Peter Cushing isn’t the only horror star to be celebrated on a postage stamp
Boris Karloff (23 November 1887 – 2 February 1969) was an English actor, who starred in many classic and groundbreaking US and British horror films, including Frankenstein (1931), where he played the Frankenstein Monster.
STEPHEN JACOBS marks the 80th anniversary of Boris Karloff’s return to England to make his first British film, The Ghoul (1933)
Boris Karloff tells the story of The Appointment in Samarra from Targets (1968)
Sara Jane Karloff joins author Stephen Jacobs to pay tribute to horror legend Boris Karloff at rare London event
The daughter of the late actor Boris Karloff is visiting the village where her father spent his final years to help raise money for its local church.
Today is the birthday of James Whale, the England-born director of some of Universal Horror’s most well-loved masterpieces
ADAM SCOVELL says The Bride of Frankenstein “showcases all of Whale’s wonderfully subversive & quintessentially British qualities”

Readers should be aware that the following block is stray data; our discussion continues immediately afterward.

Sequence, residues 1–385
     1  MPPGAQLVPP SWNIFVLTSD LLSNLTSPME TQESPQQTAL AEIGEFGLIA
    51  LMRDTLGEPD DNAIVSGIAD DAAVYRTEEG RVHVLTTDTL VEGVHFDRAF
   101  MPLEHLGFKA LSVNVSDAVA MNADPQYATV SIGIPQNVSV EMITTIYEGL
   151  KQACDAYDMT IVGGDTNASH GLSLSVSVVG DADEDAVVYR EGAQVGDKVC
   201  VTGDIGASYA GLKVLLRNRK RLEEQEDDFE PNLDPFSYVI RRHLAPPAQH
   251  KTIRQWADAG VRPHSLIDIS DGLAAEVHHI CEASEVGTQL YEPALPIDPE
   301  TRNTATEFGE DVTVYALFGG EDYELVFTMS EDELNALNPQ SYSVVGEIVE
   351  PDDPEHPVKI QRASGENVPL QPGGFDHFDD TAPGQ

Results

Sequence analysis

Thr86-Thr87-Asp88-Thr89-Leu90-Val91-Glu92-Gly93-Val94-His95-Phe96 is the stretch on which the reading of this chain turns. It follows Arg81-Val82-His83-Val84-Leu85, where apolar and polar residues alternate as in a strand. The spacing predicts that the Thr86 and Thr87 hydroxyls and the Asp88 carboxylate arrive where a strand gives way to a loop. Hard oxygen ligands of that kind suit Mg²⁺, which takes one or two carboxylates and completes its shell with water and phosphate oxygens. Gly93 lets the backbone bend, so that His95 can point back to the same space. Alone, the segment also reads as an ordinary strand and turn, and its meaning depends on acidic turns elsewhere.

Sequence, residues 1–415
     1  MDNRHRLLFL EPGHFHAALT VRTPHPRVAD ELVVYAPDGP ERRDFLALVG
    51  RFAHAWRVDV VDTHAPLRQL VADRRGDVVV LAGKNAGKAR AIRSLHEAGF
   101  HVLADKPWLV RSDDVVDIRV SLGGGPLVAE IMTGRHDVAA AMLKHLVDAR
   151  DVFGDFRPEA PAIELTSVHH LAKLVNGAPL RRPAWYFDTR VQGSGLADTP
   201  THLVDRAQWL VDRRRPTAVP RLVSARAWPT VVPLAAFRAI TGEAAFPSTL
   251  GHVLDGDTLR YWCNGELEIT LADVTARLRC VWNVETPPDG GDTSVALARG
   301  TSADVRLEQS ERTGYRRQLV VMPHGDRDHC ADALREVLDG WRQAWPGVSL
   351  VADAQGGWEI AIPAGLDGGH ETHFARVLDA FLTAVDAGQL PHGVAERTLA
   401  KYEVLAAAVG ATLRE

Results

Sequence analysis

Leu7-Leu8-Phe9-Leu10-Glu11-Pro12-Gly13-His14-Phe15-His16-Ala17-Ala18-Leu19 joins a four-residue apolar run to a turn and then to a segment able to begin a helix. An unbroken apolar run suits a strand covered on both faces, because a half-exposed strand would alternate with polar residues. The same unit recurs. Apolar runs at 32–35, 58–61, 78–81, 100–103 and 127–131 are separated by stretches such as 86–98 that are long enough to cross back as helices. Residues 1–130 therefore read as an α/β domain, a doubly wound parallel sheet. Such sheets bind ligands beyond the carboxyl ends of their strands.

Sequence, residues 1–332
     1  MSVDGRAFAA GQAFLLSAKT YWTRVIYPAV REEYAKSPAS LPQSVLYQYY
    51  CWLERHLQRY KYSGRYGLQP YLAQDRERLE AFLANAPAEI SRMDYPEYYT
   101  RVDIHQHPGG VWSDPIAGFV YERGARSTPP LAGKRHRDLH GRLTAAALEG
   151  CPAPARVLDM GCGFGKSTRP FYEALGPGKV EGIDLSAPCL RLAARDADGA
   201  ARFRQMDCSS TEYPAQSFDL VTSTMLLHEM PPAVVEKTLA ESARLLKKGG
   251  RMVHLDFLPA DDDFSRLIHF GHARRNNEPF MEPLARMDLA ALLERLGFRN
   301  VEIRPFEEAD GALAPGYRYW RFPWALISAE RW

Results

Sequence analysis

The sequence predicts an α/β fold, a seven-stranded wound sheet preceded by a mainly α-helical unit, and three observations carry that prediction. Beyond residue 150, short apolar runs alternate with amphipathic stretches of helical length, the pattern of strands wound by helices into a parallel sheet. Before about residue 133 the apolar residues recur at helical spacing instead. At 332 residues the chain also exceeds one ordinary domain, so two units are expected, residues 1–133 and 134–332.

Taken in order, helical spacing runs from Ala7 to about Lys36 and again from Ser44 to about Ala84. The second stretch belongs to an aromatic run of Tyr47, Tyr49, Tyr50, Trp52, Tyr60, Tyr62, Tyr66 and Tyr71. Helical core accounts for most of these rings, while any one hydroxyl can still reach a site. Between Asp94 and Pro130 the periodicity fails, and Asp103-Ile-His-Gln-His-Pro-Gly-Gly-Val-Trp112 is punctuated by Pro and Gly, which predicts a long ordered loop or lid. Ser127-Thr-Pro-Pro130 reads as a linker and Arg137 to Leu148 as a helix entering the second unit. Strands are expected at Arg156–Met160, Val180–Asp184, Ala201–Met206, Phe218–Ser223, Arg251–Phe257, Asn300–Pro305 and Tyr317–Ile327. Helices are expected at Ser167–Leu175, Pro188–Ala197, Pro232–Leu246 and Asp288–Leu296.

Boris Karloff essentially plays himself in Targets a 1968 thriller directed by Peter Bogdanovich.
The Sorcerers is almost a return to Karloff’s ‘mad doctor’ series for Columbia almost three decades years earlier.
Horror legend Boris Karloff was a fading star in the 1960s. But he still produced some genuine classics. Guest writer STEPHEN JACOBS selects some of the best of Karloff’s later films.
Corridors of Blood is underrated historical drama based on sad life of an American dentist who became addicted to the nitrous oxide
Roger Corman’s comedy The Raven starring Price, Karloff and Lorre is great fun.
Curse of the Crimson Altar is a lesser film from Karloff’s final years, and the last film he made in Britain. Still, it is worth seeing Karloff and other horror stalwarts
This is a great anthology film by celebrated Italian director Mario Bava with Karloff in his only vampiric role
Comedy of Terrors – fun comedy with undertakers dealing with a customer who won’t stay dead!